Lead image credit: Burgreens

The post Alt.Flex.Eat: Flexitarianism is the flavour of the SEAson appeared first on e27.

,

A plant-based chicken steak from Burgreens

A plant-based chicken steak from Green Rebel

Flexitarianism is becoming the new buzzword, globally.

The world is undergoing a food revolution. Many consumers are consciously cutting down on meat consumption and are turning ‘flexitarians’.

Sustainable food products such as plant/cell-based meat, egg, milk and fish are now increasingly finding a place in consumers’ food menus.

The primary reasons for this are the growing sense of sustainability, awareness about unhealthy dietary habits, climate crisis, unsustainable farming and agriculture methods, and a new awakening to clean label foods.

What makes alternative protein substitutes even more attractive is that they offer the same taste and texture as meat products.

With about a 15-17 per cent growth rate, Asia is the fastest-growing alternative food market in the world. Its global market share is projected to grow by 10 per cent by 2029.

Of the US$3.1 billion capital invested to date into the alt food industry globally, about US$230 million went into Asian startups.

In Asia, Southeast Asia has been leading this food revolution. The region has one of the highest economic growth rates in the world, with a very high animal protein consumption. This is where sustainable food companies see a tremendous opportunity.

The region indeed is already home to numerous sustainable food startups.

But why is Southeast Asia witnessing great growth? What is attracting global alt food startups and investors into this region?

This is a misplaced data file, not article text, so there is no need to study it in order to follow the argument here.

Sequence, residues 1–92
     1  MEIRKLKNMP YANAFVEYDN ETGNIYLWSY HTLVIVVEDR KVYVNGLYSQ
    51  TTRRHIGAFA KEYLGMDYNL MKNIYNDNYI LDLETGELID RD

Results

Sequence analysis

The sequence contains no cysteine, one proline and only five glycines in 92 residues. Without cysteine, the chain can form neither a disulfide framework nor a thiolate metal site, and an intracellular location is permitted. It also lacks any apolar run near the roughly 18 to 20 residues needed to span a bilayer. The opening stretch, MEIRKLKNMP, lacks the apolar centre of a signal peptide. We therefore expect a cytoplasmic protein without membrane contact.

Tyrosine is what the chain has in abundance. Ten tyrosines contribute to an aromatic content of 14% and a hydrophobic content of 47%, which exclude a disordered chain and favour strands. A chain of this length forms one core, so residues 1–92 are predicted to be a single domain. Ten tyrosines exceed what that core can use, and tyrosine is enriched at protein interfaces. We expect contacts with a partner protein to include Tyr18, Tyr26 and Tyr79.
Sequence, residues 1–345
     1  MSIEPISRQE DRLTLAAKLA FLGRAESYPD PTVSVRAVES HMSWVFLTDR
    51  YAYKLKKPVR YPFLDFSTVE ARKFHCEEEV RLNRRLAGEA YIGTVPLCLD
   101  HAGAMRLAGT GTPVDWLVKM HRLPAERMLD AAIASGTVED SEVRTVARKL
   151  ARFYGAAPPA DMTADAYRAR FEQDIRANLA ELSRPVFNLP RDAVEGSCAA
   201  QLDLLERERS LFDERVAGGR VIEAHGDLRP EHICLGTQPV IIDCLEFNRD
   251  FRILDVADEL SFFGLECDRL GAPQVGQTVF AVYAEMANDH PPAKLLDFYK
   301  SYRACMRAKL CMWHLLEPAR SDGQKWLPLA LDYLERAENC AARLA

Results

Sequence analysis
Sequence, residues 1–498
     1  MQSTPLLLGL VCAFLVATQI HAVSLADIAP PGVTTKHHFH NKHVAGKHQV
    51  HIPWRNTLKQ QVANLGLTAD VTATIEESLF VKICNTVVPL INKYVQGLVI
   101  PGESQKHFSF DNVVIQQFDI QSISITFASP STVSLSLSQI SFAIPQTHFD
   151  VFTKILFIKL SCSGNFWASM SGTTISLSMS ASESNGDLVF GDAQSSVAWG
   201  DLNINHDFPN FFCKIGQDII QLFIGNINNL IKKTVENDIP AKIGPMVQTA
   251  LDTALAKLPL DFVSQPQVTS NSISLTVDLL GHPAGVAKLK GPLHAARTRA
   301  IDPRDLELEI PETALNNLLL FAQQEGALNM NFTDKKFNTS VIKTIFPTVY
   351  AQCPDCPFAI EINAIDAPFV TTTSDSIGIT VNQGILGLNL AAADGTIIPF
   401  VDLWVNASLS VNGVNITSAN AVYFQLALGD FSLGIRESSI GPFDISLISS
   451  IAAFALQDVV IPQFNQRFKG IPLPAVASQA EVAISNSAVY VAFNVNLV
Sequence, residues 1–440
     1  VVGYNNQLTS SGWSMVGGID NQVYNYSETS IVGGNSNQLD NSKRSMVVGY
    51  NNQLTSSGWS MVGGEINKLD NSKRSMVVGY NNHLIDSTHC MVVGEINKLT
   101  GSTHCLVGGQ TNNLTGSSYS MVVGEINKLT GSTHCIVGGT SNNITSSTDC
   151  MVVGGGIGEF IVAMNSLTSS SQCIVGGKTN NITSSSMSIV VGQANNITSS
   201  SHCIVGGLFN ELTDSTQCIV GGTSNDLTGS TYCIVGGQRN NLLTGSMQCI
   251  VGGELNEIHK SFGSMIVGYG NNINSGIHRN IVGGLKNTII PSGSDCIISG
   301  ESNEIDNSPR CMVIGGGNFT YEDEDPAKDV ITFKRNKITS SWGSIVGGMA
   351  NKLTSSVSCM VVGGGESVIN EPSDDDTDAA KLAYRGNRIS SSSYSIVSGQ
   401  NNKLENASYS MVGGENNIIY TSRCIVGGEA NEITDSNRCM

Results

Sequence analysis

Let’s start with Singapore.

Singapore

Of all the countries in SEA, Singapore is witnessing the fastest growth. There are already over a dozen big and small alternative food companies, besides a couple of VCs and accelerators.

The names include renowned foreign brands like Beyond Meat, Impossible Foods, and Quorn; homegrown ones such as Shiok Meats, TurtleTree Labs, Next Gen, Float Foods, OmniMeat, Karana, and Tindle; and accelerator Big Idea Ventures

Also Read: Shiok Meats wants to bring cruelty-free shrimp products to your dining table with its US$12.6M Series A

“Singapore has long been known as a unique global business hub, and it is now becoming more relevant in the foodtech space, too,” says Andre Menezes, co-founder and COO of Next Gen, a plant-based meat startup.

Next-Gen

“In setting up in Singapore, we were attracted by the strong infrastructure to support food technology innovations, especially plant-based foods. We have established our research and development (R&D) centre here. We have access to high-profile investors, multinational partners, and world-class chefs, which enable us to serve the multicultural palates here in Asia and around the globe,” adds Menezes, who started the company in October 2020, along with fellow German Timo Recker.

In February this year, Next Gen closed a US$10 million seed round from a clutch of investors, including Temasek and K3 Ventures.

As he rightly points out, food security, government support for innovative technologies, and highly skilled human resources are some of the major factors drawing alt food startups into the island state.

From a food security standpoint, Singapore’s “30 by 30 goal” highlights the government’s focus on food security and self-sufficiency. The ultimate goal is to produce 30 percent of local nutritional needs locally by 2030.

As for government support, agencies such as the Singapore Food Agency (SFA) and A*STAR have been actively promoting R&D in sustainable food production and future foods.